Personal Stories - Lay Summaries
Personal Stories - Lay Summaries#
Emma Karoune - Making Palaeoecology More Accessible#
Dr Emma Karoune is a Research Associate at The Alan Turing Institute and Historic England focusing on Open Science and Phytolith Research. She is currently leading a project concerning the FAIRification of phytolith data.
Find out more about her work from the links below:
We would like to thank Emma for answering our interview questions about her work with PalaeoSIG, the special interest group for palaeoecology at the British Ecological Society.
Comments are also made in this case study by Dr Althea Davies and Dr Jane Bunting, who are the Secretaries of the PalaeoSIG and the organisers of this project along with Dr Eileen Tisdall.
1. Why did you start your work on lay summaries?
I attended an online workshop that PalaeoSIG organised in spring 2020 about science writing and communication. This was run by Althea Davies (University St Andrews), Jane Bunting (University Hull) and Eileen Tisdall (University Stirling). This workshop aimed to train palaeoecologists to communicate their research more effectively with non-specialists. As part of the workshop, we were tasked to produce short, accessible summaries of articles that had been suggested as the most influential palaeoecological papers in a recent Palaeoecology special interest group survey and these would then be disseminated in a blog.
2. How did you get started?
During the workshop, we were put into pairs so that we could work collaboratively on writing our two lay summaries. My collaborator and I opted to work in Google docs so that we could start documents for the first draft of each lay summary separately but we could also then go on to collaborate in real-time to edit and discuss our writing using the built-in editing and commenting features.
Here is one of the lay summaries I wrote with my workshop partner Nick Loughlin - New evidence to assess the 5 reasons Elm almost disappeared.
Once the workshop was over, we were asked if anyone wanted to help with editing and publishing the lay summaries. Some of us then formed a group of copy editors and summary editors, again to work in pairs to finalise each lay summary every week for release on the project website. The aim was to release one lay summary a week for a whole year.
3. What impact do you think your lay summaries are making to your research/project/community?
Althea told me that the WordPress site has between c.80 and 530 views per month, depending on how many posts we have. As to what impact they’re having, she is not sure how to measure this. Althea commented that they didn’t set out to be an ‘influencer’ looking for a high hit rate, rather more of a support mechanism, point of connection and community resource for palaeoscientists working in various disciplines and sectors. For instance, providing an opportunity for blogs by Early Career Researchers who might be unsure about offering one to a ‘bigger’ organisation, like a journal.
4. What tools/software do you use most in your lay summaries?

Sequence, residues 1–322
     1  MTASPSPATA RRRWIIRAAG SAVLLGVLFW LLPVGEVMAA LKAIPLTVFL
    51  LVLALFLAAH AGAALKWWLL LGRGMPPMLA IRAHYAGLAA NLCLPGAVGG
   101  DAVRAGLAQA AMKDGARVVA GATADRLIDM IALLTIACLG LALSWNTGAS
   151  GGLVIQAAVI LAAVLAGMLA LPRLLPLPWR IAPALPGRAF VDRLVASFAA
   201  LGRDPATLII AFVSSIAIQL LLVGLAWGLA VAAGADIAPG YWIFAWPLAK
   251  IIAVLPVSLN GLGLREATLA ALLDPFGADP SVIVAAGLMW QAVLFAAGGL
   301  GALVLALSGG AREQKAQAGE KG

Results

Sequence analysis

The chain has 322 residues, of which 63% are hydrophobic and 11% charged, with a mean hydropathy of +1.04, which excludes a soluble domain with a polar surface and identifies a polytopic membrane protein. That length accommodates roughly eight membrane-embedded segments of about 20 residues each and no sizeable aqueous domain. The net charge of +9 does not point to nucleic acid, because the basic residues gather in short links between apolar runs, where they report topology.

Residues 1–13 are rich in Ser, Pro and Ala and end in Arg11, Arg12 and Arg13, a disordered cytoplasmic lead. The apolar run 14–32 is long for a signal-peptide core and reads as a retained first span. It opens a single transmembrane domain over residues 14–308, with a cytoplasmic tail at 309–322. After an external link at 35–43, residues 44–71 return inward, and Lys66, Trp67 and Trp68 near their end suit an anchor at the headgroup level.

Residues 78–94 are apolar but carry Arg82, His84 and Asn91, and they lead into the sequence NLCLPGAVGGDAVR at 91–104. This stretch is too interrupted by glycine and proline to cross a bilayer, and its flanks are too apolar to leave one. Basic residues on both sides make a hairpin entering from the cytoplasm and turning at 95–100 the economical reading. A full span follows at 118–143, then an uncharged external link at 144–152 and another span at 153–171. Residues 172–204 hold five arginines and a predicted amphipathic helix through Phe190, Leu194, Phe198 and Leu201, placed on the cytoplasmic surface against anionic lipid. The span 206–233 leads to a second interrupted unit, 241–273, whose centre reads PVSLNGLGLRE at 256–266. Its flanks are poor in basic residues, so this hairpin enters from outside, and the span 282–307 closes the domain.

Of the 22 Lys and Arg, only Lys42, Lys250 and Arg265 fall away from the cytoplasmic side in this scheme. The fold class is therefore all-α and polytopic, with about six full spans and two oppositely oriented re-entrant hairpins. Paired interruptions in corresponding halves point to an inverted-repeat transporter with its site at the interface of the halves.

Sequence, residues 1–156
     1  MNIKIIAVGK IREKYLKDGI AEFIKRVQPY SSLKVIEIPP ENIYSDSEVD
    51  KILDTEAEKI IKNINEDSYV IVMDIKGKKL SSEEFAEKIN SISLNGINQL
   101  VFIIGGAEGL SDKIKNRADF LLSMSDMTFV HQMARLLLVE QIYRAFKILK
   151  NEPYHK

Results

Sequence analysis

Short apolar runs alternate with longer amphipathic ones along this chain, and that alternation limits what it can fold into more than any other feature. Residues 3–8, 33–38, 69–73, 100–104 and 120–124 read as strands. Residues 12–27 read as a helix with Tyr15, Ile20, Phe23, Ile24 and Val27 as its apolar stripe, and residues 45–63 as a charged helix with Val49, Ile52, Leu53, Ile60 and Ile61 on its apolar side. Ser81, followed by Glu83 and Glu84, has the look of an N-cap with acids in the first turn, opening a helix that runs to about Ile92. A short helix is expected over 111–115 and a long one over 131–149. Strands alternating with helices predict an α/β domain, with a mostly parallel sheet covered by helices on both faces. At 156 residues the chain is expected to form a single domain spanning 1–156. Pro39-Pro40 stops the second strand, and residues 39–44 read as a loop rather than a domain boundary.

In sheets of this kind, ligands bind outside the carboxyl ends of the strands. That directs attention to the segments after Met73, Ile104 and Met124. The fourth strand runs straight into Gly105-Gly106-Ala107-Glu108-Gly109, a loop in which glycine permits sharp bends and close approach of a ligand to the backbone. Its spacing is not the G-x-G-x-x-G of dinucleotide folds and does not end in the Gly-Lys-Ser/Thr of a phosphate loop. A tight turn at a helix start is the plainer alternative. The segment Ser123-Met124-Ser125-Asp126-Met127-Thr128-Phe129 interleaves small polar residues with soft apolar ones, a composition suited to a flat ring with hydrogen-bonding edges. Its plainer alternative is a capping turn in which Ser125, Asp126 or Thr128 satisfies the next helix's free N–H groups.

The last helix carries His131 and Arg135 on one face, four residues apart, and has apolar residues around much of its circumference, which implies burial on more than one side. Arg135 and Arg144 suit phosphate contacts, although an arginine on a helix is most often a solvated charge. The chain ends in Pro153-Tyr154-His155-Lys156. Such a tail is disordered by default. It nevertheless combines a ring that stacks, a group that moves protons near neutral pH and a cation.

The Palaeoecology special interest group used Google Drive to run the project as Google Docs were used to write collaboratively and Google Sheets were used to coordinate the lay summaries and the editing and publishing progress. This allowed us to work synchronously during the workshop and asynchronously over the whole time of the project.
The blog website uses WordPress. Althea said that she found uploading blogs quite straightforward and this probably reflects Jane’s initial setup choices as well as the simplicity of the WordPress format and templates.
5. Do you have any top tips for other people that might be interested in starting lay summaries?
Writing lay summaries is a different type of writing so you do have to learn how to do it. The workshop training helped everyone to improve their writing skills as we were given lectures by an expert scientific editor from a popular science news website. This helped me to think about the differences between academic writing and writing for lay audiences.
Also, you need to write to someone. Collaboration is the key to success as another pair of eyes helps to refine and improve your writing further.
6. Do you have any tips on things to avoid?
Don’t leave in any technical words - this might seem a very hard thing to achieve but there is always a way you can explain or describe them simply instead. If you do have to include a technical word, you should put a definition in brackets or a link to a website that explains the term simply such as Wikipedia.
7. Where do you see your lay summaries writing skills going in the future?
I have found these skills really useful for several reasons. I had to write a lay summary for a recent article I submitted so it helped me to think about how to change my writing style compared to the abstract.
I have also started a new job in the last year that was a project outside of my particular discipline and my first task was to edit lay summaries. This gave me a different perspective about how important they are for clear communication within projects for team members with different specialisms.